She said in her speech she would not adopt models used by other countries that have free trade agreements with the EU. Norway, for example, is outside the bloc but a member of the wider European Economic Area, giving it access to the single market while subjecting it to many EU rules.

May said her negotiating priorities included limiting immigration, leaving the jurisdiction of the European Court of Justice, and ending full membership of the customs union that sets external tariffs for goods imported into the bloc.

Full membership of the customs union prevented Britain making its own trade deals, May said, but she still wanted a deal to keep trade with Europe as "frictionless as possible".

Britain's financial industry, which accounts for about 10 percent of the economy, is now expected to push ahead with plans to relocate parts of businesses elsewhere in the EU so they can continue to sell their services across the bloc.

Britain's overwhelmingly foreign-owned car sector was quick to react, warning through industry body SMMT that participation in the customs union was vital to help retain trade, while Germany's BMW also said "uncomplicated, tariff-free access" to the single market was essential.

"NO DEAL BETTER THAN BAD DEAL"

London will trigger the formal Brexit talks by the end of March, ushering in a two-year period of talks. May said she wanted the terms of Britain's exit to be agreed within those two years, with new rules implemented gradually where necessary.

"It is in no one's interests for there to be a cliff edge for business or a threat to stability," May said. "We will do everything we can to phase in the new arrangements we require."

But she also set a firm tone for the negotiations, saying: "No deal for Britain is better than a bad deal for Britain."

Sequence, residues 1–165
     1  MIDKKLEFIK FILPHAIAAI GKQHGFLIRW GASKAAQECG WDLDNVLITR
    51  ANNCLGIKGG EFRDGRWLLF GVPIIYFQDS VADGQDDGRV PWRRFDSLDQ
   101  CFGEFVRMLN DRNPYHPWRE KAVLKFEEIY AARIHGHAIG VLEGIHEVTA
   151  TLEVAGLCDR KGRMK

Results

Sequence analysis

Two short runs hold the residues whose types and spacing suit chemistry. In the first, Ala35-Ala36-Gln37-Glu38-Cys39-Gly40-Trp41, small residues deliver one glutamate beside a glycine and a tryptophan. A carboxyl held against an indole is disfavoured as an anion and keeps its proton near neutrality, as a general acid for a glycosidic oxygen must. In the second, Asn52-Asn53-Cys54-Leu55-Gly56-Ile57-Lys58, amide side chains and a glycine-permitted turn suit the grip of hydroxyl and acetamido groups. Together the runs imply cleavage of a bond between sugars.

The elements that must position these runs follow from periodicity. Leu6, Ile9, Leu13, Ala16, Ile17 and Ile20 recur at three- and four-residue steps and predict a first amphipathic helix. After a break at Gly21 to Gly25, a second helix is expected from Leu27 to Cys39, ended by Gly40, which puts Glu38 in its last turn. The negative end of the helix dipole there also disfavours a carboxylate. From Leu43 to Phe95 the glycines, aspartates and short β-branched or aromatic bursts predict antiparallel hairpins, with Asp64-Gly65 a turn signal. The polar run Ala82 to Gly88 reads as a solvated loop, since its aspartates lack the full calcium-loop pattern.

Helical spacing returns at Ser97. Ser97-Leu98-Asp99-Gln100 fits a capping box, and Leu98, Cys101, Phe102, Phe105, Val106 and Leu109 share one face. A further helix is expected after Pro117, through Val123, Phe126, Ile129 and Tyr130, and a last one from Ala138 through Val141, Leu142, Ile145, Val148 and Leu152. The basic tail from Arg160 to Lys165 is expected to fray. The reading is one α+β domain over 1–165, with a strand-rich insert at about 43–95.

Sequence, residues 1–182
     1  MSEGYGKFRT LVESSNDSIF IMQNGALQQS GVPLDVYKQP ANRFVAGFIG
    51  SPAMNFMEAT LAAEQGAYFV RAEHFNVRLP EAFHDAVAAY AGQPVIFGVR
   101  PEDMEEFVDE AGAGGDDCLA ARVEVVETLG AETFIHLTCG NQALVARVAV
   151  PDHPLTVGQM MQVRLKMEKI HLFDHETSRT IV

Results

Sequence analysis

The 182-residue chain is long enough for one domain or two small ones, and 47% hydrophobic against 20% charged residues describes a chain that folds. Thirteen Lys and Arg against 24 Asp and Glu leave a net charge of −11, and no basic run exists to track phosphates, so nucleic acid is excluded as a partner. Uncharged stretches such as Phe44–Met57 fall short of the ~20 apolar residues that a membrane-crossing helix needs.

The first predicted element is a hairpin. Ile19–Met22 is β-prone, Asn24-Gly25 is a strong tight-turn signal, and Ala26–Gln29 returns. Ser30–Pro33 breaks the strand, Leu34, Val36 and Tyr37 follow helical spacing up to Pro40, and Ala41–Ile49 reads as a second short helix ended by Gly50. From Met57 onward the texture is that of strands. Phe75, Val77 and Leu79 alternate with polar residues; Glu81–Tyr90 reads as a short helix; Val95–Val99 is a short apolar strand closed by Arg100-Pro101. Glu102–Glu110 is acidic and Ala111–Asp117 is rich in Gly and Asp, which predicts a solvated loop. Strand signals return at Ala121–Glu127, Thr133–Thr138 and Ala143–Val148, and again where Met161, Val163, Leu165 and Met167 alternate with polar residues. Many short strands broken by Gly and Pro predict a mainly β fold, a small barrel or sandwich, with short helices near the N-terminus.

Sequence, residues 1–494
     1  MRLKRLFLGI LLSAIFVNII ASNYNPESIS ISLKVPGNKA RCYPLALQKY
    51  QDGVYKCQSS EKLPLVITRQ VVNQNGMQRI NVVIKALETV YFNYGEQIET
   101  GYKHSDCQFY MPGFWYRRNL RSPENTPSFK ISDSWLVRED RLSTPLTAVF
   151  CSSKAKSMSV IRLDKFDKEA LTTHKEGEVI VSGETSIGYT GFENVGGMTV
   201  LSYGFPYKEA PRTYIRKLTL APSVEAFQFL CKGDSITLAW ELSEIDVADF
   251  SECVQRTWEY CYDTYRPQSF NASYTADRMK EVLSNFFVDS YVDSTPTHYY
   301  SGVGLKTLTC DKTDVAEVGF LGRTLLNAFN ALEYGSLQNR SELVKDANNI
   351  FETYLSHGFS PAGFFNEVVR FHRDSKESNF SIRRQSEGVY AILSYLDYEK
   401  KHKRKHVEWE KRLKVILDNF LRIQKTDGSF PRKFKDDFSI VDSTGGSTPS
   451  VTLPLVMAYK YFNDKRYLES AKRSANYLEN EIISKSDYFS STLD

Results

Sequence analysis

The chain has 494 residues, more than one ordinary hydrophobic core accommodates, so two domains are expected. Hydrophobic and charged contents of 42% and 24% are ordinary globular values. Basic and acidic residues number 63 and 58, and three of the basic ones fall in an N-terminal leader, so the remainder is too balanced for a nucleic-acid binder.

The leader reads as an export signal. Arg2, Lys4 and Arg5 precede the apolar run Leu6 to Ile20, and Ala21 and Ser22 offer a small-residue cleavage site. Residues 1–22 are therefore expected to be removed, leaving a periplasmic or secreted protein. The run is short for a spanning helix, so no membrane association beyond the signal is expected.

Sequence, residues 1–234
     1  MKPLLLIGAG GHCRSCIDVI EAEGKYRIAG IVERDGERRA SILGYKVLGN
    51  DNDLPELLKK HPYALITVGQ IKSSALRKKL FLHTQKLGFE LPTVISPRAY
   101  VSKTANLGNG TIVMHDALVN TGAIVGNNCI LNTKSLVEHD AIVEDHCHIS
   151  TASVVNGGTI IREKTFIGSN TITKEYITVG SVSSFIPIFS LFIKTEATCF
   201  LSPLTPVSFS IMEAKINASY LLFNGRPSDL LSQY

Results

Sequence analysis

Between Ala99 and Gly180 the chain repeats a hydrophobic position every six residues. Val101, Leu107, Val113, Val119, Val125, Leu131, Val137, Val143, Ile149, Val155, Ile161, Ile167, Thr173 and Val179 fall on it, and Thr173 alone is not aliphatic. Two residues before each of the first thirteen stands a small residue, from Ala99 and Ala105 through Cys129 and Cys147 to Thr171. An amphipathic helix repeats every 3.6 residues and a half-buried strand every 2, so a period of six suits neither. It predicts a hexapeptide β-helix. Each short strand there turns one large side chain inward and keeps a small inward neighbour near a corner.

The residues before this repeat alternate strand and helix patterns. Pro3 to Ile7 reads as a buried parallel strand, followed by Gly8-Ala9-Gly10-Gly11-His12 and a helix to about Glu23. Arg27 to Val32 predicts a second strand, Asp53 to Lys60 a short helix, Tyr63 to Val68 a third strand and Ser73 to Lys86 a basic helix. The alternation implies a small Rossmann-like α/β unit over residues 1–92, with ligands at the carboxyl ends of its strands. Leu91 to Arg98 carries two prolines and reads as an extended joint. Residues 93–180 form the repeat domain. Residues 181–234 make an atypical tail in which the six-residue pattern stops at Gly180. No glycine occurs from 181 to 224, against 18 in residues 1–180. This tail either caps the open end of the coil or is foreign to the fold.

She hinted that Britain could use tax breaks to fight back to keep businesses if the EU insisted on punitive tariffs.

Just as May was setting out her pitch, her finance minister Philip Hammond told parliament Britain could get tough if a comprehensive trade agreement with the EU was not forthcoming.

"If we don't (get a sensible Brexit deal), the people of this country are not simply going to lie down and accept that we will be poorer," he said. "We will do whatever it takes to maintain our competitiveness and protect our standard of living."

May's speech also comes as Northern Ireland, part of the UK most exposed to Brexit due to its land border with the Republic of Ireland, faces political paralysis after a government that shared power between Catholics and Protestants collapsed.

One of May's principles was "strengthening the union", she said in a nod to both Northern Ireland and Scotland.

But Gerry Adams, president of the Sinn Fein party which was part of the power-sharing government in the north and is a growing force in the Republic of Ireland, said it was hard to see how May's Brexit plan could work without significant changes to the border arrangements between north and south.

U.S. President-elect Donald Trump has said that Brexit will turn out to be a great thing and other countries would follow Britain out of the European Union. He promised to strike a swift bilateral trade deal with the United Kingdom.

May said she did not want the EU to unravel.

"It would not be in the best interest of Britain. It remains overwhelmingly and compellingly in Britain's best national interest for the EU to succeed," she said.

(Additional reporting by UK bureau; writing by Michael Holden, Guy Faulconbridge and Estelle Shirbon; editing by Peter Graff and David Clarke)